Baby, it’s cold outside, but if you turn up the heat, you could add a lot of money to your electricity bills.
At least that is the concern of BC Hydro, which advises residents to heat their homes with electric socket heaters to be careful to set the temperature too high.
“We remind customers that there are simple ways to reduce the use of electricity in the winter,” said BC Hydro spokeswoman Susie Rieder.
The warnings occur when BC Hydro reports that it has set a record for the highest peak electricity demand per hour. The record was reached on Monday, January 13 when consumption reached 10.302 megawatts. The previous record was set on January 3, 2017, when electricity reached a maximum of 10,194 megawatts.
With temperatures below zero and more snow expected in the coming days, electricity demand is expected to remain high, and BC Hydro expects maximum loads between 9,800 and 10,600 megawatts.
Monday’s maximum load is 16% higher than the previous week, according to BC Hydro. which records the highest demand for electricity on Monday through Friday nights when British Colombians return home, turn on the heating, turn on the lights, wash clothes and prepare dinner.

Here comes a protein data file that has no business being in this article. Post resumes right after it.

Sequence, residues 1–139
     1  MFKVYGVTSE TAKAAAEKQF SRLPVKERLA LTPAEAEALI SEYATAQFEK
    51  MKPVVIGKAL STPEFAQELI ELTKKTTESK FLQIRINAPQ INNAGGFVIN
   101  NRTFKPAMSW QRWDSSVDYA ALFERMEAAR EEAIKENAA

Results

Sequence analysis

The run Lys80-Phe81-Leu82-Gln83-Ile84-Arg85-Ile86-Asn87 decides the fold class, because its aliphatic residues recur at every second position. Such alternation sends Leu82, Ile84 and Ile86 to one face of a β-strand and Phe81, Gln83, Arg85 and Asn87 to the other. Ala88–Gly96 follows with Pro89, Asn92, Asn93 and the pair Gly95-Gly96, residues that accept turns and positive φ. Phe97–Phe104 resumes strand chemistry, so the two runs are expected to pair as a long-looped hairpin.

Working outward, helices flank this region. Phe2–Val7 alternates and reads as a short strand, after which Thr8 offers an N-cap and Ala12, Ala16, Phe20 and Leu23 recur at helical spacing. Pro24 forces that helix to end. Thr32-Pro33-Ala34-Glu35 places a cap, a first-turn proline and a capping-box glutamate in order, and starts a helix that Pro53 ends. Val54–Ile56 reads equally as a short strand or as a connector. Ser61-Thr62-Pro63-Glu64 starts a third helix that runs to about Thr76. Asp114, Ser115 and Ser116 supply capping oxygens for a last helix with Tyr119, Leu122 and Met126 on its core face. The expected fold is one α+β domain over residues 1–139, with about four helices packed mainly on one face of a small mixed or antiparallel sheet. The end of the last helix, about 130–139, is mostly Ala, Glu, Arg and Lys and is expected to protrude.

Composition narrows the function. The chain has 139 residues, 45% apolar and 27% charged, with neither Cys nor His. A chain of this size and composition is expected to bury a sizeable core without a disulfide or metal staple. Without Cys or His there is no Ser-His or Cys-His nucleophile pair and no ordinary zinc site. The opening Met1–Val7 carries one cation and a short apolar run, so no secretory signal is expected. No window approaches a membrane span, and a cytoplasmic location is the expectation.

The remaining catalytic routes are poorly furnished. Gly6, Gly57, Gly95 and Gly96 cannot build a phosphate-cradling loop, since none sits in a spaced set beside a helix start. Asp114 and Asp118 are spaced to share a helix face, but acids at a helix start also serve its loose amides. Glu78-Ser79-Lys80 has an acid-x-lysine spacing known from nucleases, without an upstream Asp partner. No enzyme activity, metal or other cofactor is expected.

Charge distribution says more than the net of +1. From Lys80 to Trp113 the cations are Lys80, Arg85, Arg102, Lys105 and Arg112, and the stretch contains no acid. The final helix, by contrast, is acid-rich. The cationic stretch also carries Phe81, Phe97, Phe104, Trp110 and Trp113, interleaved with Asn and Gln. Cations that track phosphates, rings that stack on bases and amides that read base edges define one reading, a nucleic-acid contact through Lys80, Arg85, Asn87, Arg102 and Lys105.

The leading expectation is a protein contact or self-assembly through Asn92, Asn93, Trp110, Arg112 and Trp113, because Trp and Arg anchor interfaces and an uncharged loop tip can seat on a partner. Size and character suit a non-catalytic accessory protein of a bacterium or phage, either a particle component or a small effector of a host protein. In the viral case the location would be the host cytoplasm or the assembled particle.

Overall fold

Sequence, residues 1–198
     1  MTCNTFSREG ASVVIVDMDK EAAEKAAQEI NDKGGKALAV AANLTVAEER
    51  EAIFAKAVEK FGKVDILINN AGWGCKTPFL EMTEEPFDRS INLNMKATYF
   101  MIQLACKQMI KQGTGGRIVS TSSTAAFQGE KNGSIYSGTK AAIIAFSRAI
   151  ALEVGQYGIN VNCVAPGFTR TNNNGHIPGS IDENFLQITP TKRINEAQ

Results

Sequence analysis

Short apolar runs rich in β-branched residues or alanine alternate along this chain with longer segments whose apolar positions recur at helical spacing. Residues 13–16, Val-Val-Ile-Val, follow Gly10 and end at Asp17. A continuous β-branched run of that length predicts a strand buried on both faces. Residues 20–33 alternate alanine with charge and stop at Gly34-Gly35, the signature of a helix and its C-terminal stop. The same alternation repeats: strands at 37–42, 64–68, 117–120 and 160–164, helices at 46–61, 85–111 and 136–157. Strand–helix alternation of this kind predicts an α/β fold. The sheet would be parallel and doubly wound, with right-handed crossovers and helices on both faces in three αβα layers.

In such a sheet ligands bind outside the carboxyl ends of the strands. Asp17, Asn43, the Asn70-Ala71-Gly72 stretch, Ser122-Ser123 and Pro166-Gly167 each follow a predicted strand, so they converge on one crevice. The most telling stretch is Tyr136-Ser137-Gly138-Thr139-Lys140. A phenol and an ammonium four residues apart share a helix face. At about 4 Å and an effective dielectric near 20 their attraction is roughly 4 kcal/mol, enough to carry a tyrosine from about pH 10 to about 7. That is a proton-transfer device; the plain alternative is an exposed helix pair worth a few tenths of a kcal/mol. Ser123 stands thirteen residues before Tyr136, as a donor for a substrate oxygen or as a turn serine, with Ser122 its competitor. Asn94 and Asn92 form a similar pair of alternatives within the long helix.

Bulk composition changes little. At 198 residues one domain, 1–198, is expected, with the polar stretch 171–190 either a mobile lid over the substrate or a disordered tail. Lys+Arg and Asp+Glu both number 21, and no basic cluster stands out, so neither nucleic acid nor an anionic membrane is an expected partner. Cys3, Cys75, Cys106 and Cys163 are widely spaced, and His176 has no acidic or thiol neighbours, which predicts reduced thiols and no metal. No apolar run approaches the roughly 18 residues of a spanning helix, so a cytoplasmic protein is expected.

Residential electricity can increase, on average, by 88% in the coldest and darkest months of winter, resulting in higher heating costs.
Rieder, who lives in a heated single-family house with electric sockets, said he is in charge of lowering the thermostat when he is outside the house, but the temperature rises when he is at home watching television. Recommends that people take a closer look at their electricity consumption through the MyHydro application. “You can see the patterns and adjust,” Rieder said.
According to BC Hydro, the ideal temperatures are as follows: 16 C when you sleep or are away from home, 21 C when you relax or watch TV and 18 C when you do housework and clean.
Starting the thermostat is not ideal because it does not heat the home faster than raising it one or two degrees at a time.
Other suggestions include protection against drafts around windows and doors to reduce heat loss by 10% and the use of a programmable thermostat.
While changing heat levels to match the activity seems like a good idea, many Canadian couples fight over the thermostat, according to a 2018 survey.
A survey conducted in Canada by Research Co. found that 30% of Canadians change the thermostat without notifying their spouse or partner, with 35% of women more likely to change the setting without notice, compared to 25% of the men.
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